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Communication is the thread that binds our society together. Effective communicators are able to use the thread (communication skills) to shape the future. To be an effective communicator, one must know how to put words together that communicate thoughts, ideas, and feelings. These thoughts, ideas, and feelings are then expressed in writing or delivered orally. Some individuals are immortalized because of their ability to put words together. A few examples of those who have been immortalized are Patrick Henry, Nathan Hale, Abraham Lincoln, and Winston Churchill. Consider the impact of their messages.
Words will move people to action. Patrick Henry’s words were a moving force behind one of the sparks that ignited the Revolutionary War in 1775. The impact of that revolution is well known to all Americans. Many Americans are familiar with his speech to the Second Virginia Convention on March 23, 1775. The most familiar part of his speech is “ I know not what course or give me death!” (North American Biographies, 1994,92)
Words show an individual’s commitment and can be very inspirational. Nathan Hale (Ubbelohde, 1993, 710) needed only these 14 words to show his commitment to his cause: “I only regret that I have but one life to lose for my country.” These words are committed to memory by many and are still inspiring.
One of the most famous speeches ever delivered was Lincoln’s Gettysburg Address. Kane (1989,100) refers to the speech as an immortal address. It is debatable as to whether the opening lines “ Four score and seven years ago, our fathers brought forth on this continent a new nation, conceived in liberty, and dedicated to the proposition that all men are created equal” or the closing lines “… and that government of the people, by the people, for the people shall not perish from the earth” are most familiar to Americans.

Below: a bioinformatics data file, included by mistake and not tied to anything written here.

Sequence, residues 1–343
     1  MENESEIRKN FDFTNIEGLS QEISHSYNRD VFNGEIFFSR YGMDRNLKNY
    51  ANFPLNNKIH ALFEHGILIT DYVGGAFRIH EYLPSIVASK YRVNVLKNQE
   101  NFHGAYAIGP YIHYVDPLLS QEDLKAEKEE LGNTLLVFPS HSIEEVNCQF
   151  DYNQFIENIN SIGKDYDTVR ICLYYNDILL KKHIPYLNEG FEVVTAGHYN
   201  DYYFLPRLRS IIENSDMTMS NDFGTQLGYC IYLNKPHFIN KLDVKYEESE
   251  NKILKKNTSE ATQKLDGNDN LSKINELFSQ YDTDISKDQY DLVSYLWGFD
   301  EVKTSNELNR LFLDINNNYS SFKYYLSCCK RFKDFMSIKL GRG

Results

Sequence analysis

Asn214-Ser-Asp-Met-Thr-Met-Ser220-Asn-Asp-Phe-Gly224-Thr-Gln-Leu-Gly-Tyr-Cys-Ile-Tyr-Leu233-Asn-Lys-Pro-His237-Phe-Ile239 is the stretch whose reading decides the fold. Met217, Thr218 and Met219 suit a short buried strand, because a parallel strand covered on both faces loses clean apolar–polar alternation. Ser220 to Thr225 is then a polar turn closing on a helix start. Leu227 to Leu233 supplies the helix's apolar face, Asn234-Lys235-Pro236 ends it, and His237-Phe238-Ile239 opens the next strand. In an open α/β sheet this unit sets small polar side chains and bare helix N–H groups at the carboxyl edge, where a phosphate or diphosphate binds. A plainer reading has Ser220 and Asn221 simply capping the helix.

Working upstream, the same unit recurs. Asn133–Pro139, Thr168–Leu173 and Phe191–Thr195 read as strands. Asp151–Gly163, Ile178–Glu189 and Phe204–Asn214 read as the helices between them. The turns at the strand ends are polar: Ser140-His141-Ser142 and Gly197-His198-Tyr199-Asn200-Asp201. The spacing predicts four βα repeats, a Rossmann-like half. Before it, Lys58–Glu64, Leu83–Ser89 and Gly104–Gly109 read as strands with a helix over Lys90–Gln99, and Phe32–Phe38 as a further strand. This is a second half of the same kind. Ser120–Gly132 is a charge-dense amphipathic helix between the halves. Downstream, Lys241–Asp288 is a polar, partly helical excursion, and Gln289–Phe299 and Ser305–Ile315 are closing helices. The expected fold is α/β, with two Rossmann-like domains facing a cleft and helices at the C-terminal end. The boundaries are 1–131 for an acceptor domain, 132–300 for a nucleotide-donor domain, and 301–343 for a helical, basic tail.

Another speech of significant magnitude was delivered by Winston Churchill. (1940, 572) His words not only lifted the spirits of the British but also were motivational to those committed to the Allied cause.
We shall go on the end, we shall fight in France, we shall fight on the
Seas and oceans, we shall fight with growing confidence and growing strength in the air, we shall defend our island, whatever the cost may be, we shall fight on the beaches, we shall fight in the fields and in the streets, we shall fight in the hills; we shall never surrender, and even if, which I do not for a moment believe, this island or a large part of it were subjugated and starving, then our Empire beyond the seas, armed and guarded by the British fleet, would carry on the struggle, until in God’s good time, the New World, with all its power and might, steps forth to the rescue and the liberation of the old.
The power of the written and spoken word can have a significant impact on the lives of those who hear or read it. Developing at using the spoken and written word is important to a person’s success. Not everyone can be immortalized by their words, but
everyone can have an impact on those with whom they associate by being skilled at using the written and spoken word.
Churchill, Winston. “We shall fight in the Fields and in the Streets.” London, June 4,
1940. Quoted by William J. Bennett, The Book of Virtues. New York: Simon
& Schuster, 1993.
Henry, Patrick. “Liberty or Death.” Richmond, VA, March 23, 1775. Quoted in North
American Biographies, Vol. 6. Danbury CT: Grolier Education Corporation,
Lincoln, Abraham. “The Gettysburg Address.” Gettysburg, PA, November 19, 1863.
Quoted by Joseph Nathan Kane, Facts About the President, and 5th ed. New York:
The H. W. Wilson Company, 1989
Ubbelohde, Carl. “Hale, Nathan.” The Encyclopedia Americana International Edition.
Danbury, CT: Grolier Incorporated, 1993.
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British people, Government of the United Kingdom, Politics of the United Kingdom, United Kingdom, We shall fight on the beaches, Gettysburg Address, Rhetorical techniques, Shall and will, Abraham Lincoln, Winston Churchill, Nathan Hale, Asyndeton
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